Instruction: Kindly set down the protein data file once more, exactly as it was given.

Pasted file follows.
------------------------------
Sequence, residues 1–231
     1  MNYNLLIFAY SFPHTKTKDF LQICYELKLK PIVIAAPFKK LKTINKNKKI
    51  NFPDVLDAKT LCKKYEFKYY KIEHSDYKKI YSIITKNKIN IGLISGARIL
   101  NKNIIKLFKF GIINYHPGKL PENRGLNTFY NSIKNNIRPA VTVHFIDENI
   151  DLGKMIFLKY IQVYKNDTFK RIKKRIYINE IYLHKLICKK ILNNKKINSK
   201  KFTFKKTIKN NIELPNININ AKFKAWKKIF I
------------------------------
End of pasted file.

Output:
Sequence, residues 1–231
     1  MNYNLLIFAY SFPHTKTKDF LQICYELKLK PIVIAAPFKK LKTINKNKKI
    51  NFPDVLDAKT LCKKYEFKYY KIEHSDYKKI YSIITKNKIN IGLISGARIL
   101  NKNIIKLFKF GIINYHPGKL PENRGLNTFY NSIKNNIRPA VTVHFIDENI
   151  DLGKMIFLKY IQVYKNDTFK RIKKRIYINE IYLHKLICKK ILNNKKINSK
   201  KFTFKKTIKN NIELPNININ AKFKAWKKIF I